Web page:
He remembers the exact moment Dan first cast his own fishing rod into the lake, a task Chuck Saur had always performed for his son. Today Dan can write his own name and take steps with support. He can sit up in bed and rub the sleep from his eyes with his once rigid hands. He verbally joins in his bedtime prayer.

“It’s hard to explain the magnitude of what conductive education has meant to our family,” Chuck Saur explained. “We’ve gone from thinking about what we can do for Dan to celebrating what he can do for himself, and that difference is huge.”

This article first ran in the November 1999 issue of C.E.N. Newsline and was written by Judy Winter, author of Breakthrough Parenting for Children with Special Needs.


Fifth Third River Bank Run Charity Partner
Conductive Learning Center




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FAQ: Frequently Asked Questions


Do I have to stay with my child in the classroom?

Parents are provided an environment to learn with their child in the Parent & Child program, which is for the youngest children. Overall the decision to have parents in the classroom, made by the conductor team includes several factors, such as the age of the child and the child’s/family’s needs.

What can I expect my child to achieve in the program?

The program works with the whole child; that is, the child’s developmental needs are addressed from a cognitive, psychological, emotional and physical perspective. After the child is assessed by a conductor, parents, the child and the conductor decide on specific goals for the child. Each child’s route and timeline toward maximum independence depends on many factors, including the support of the family, the child’s motivation, the type and severity of the disability and the age of the child. At the end of the session extensive reports are produced detailing methods and strategies used with the child. Each activity is described and photo documented. These reports are sent home for use with all care givers involved with the child. This helps insure continuity and continuation of CE principles even after the child is discharged from the program.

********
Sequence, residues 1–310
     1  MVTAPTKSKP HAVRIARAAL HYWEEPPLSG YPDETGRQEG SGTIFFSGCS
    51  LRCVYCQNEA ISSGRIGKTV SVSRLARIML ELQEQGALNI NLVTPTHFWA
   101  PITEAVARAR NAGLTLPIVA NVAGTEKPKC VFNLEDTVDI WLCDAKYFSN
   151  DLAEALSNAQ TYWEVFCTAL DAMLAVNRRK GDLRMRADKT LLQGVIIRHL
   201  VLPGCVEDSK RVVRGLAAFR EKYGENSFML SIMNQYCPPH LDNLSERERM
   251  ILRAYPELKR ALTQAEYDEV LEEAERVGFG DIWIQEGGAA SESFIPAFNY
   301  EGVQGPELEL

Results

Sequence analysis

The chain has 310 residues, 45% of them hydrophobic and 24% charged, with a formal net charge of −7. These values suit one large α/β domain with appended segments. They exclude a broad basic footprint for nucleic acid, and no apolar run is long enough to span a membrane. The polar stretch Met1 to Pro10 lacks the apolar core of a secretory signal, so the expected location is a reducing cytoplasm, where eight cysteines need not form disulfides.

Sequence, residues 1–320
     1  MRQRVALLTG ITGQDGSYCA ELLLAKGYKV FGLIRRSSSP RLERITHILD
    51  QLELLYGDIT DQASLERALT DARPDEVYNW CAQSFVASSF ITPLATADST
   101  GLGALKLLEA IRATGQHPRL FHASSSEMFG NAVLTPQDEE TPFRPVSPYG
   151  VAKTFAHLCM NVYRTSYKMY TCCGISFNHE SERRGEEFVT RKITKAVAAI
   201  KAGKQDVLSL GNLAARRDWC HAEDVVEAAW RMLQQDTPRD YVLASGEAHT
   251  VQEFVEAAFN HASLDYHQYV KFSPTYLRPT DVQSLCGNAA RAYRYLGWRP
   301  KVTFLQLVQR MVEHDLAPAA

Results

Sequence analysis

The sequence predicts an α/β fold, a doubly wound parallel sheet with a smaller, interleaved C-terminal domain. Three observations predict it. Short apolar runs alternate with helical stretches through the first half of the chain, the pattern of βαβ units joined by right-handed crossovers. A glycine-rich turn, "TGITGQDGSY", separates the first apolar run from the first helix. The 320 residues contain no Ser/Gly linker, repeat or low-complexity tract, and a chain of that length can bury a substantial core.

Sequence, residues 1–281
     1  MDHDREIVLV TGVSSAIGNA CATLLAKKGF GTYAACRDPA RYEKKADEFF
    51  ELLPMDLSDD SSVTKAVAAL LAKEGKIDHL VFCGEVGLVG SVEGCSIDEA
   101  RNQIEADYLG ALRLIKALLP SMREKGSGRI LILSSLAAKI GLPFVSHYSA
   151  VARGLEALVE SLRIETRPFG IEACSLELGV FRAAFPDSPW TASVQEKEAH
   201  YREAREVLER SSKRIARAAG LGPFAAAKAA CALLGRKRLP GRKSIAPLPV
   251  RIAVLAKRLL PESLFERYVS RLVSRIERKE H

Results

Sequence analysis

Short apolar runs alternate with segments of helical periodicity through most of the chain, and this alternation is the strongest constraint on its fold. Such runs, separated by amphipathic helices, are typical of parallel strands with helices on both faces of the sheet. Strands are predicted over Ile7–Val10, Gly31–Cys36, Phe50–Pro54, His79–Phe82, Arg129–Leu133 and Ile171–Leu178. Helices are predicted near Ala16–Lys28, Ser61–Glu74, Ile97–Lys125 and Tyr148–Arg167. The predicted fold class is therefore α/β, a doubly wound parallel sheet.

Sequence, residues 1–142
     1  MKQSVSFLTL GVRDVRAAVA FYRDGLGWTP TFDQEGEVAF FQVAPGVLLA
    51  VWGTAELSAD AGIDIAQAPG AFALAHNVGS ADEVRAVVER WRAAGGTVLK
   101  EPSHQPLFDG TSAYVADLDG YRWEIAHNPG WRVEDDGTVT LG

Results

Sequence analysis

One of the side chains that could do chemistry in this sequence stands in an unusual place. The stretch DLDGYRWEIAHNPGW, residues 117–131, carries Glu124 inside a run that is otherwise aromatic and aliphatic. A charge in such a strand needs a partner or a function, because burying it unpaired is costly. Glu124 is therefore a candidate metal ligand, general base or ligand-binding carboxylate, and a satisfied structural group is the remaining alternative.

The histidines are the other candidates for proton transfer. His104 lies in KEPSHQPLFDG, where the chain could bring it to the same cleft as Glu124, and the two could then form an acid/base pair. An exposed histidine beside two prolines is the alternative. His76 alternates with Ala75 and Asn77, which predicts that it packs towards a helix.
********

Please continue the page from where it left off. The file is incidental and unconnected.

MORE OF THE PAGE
Why does the program use a group setting?

Conductive education uses the dynamics of group interaction. This setting provides the opportunity for children to motivate and learn from each other, while in an age appropriate setting that allows social interaction.

Do I have to continue with the exercises while at home?

Parents should encourage the child to use the movements learned in class that improve the everyday functioning of the child. An example of these life skills would be for parents to give the child the opportunity to use silverware when eating, instead of a parent feeding the child.

What type of disability does this program best help?

Conductive education works best with about 80-90% of the child population that has cerebral palsy, spina bifida or traumatic brain injury.

What keeps children motivated for 3 to 6 hours a day?

The program is planned daily with age appropriate academic themes and motivation techniques of repetition, music, singing, and game-like activities in a group setting. A child’s educational environment includes daily living skills of eating, toileting, putting on shoes and socks, etc. Children respond positively to these activities.

What specialized training do the conductors have? Are they therapists?

Conductors have been trained at Aquinas College in a POHI teacher program or at the International Peto Institute in Budapest, Hungary. These teachers all have elementary education and special education credentials, which are recognized in the U.S. While the conductors are not credentialed therapists, the training received at Aquinas and the Peto Institute parallels many parts of what physical, occupational and speech therapists receive.

Are there parents available who can give specifics about their child?

Yes. Please go to the “Success Stories” area of the web site. This section provides a series of letters from parents speaking about their child and the program.

Is the program available in other states?

Yes, there are other programs in the U.S., but the Conductive Learning Center has the only program directed and supervised by the International Peto Institute.

Are any doctors supporting this program?

Yes, there are doctors in the U.S., who have provided written support for conductive education. Locally, the Conductive Learning Center collaborates with Mary Free Bed Hospital in providing services to children enrolled at Conductive Learning Center.

If I don’t live near Grand Rapids, can I still participate in the program?

Yes, many of our out-state and out-of-state parents stay at the local Ronald McDonald House or area hotels, offering discounted rates, while their child attends a scheduled intensive session of four to eight weeks in length.

The Conductive Learning Center
of Grand Rapids, 2009